We validated the CFD simulation methodology by using STAR-CCM+ to calculate the pressure field created by a NACA 0012 airfoil at a 10°angle of attack and a Reynolds number of 6 million, and comparing the results to numerical and experimental data from the NASA Turbulence Modeling Resource [38]. For these simulations, we used the computational mesh provided by the National Aeronautics and Space Administration (NASA) Turbulence Modeling Resource [38] that has a number of grid cells and a mesh topology nearly identical to that presented in Fig 3. Specifically, we compared the pressure coefficient, (1) over the blade surface with experimental data from Ladson et al. [39] and simulation results from CFL3D [40] provided by the NASA Turbulence Modeling Resource [38]. In Eq 1, p is the blade surface pressure, p is the atmospheric pressure, ρ is the density of air, and urel is the wind speed relative to the blade. Overall, our predictions of the pressure coefficient, which is representative of the pressure distribution over the blade surface, show excellent agreement with both the experimental and numerical data, as shown in Fig 4. In order to correctly predict the pressure coefficient, simulations must also accurately model the pressure field surrounding the blade, thus the results presented in Fig 4 provide confidence that the STAR-CCM+ simulation methodology used for this work accurately predicts the pressures bats could be exposed to around an operating wind turbine.

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Fig 4. Comparison of the blade surface pressure coefficient, Cp, for a NACA 0012 airfoil predicted in the current study using STAR-CCM+ compared with experimental results from Ladson et al. [39] and CFD results generated using CFL3D and a 897-by-257 computational grid [38].

All results are shown at a blade chord Reynolds number of 6 million.

https://doi.org/10.1371/journal.pone.0242485.g004

Calculation of the blade-tip vortex pressure field

Blade-tip vortices form as air from the pressure side of the blade flows around the blade tip, creating a rotational flow structure that propagates downstream with the mean flow (see Fig 1). CFD predictions of tip vortices are highly dependent on the mesh resolution and the turbulence modeling method and are still an active area of research (e.g., [41]) that is beyond the scope of this study. We therefore chose to use an analytical vortex model developed by Vatistas et al. [42] to predict the velocity and pressure field created by the NREL 5 MW reference turbine, (2) vθ(r) is the tangential velocity within the vortex, Γvortex is the vortex strength, and is the radial distance from the vortex center, r, normalized by the vortex core radius, rc.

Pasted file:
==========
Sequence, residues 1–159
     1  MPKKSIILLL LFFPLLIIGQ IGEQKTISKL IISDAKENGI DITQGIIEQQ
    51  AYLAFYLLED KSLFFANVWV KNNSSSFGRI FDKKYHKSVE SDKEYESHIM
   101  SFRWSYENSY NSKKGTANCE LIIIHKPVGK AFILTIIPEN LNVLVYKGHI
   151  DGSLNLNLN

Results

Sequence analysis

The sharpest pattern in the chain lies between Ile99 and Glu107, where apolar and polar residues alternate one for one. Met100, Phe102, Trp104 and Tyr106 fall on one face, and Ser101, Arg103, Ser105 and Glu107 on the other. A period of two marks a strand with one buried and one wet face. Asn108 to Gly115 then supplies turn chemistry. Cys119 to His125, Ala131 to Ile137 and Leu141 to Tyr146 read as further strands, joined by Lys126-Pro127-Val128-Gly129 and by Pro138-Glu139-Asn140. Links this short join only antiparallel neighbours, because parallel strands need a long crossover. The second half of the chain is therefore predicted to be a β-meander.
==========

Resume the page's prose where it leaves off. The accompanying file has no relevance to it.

The pressure within the vortex, pvortex, is related to the rotational velocity (i.e., tangential velocity) of the vortex, vθ, through the radial component of the inviscid Navier-Stokes equations, (3) where ρ is the density of air. Following the methodology described by Moriarty [43], we substituted Eq 2 into Eq 3 and integrating yields an equation relating pressure inside the vortex as a function of distance from the vortex center. If we further assume that the pressure far away from the vortex (i.e., where r → ∞) is the atmospheric pressure, p, we get the following result, (4)

In order to use Eq 4 to determine the pressure field, we needed to estimate the tip vortex strength and the core radius.

We are able to estimate Γvortex using a combination of potential flow theory and the OpenFAST wind turbine modeling code [44]. From potential theory, we know that the strength of the blade-tip vortex is equal to the maximum bound vorticity strength along the blade span, where rb is the coordinate along the blade span. We are therefore able to calculate the blade-tip vortex strength for each wind speed considered by first calculating the bound vorticity strength along the blade span and then taking the maximum value. We know that the bound vorticity along the blade is related to the blade lift distribution, L(rb), by the Kutta-Joukowski theorem, (5) where v(rb) is the relative air velocity at each radial blade location. Using OpenFAST, we can calculate both lift distribution and the local velocity along the NREL 5 MW reference turbine blade. Substituting this information into Eq 5, we solved for bound vorticity distribution and the strength of the blade-tip vortex and the result is shown in Fig 5.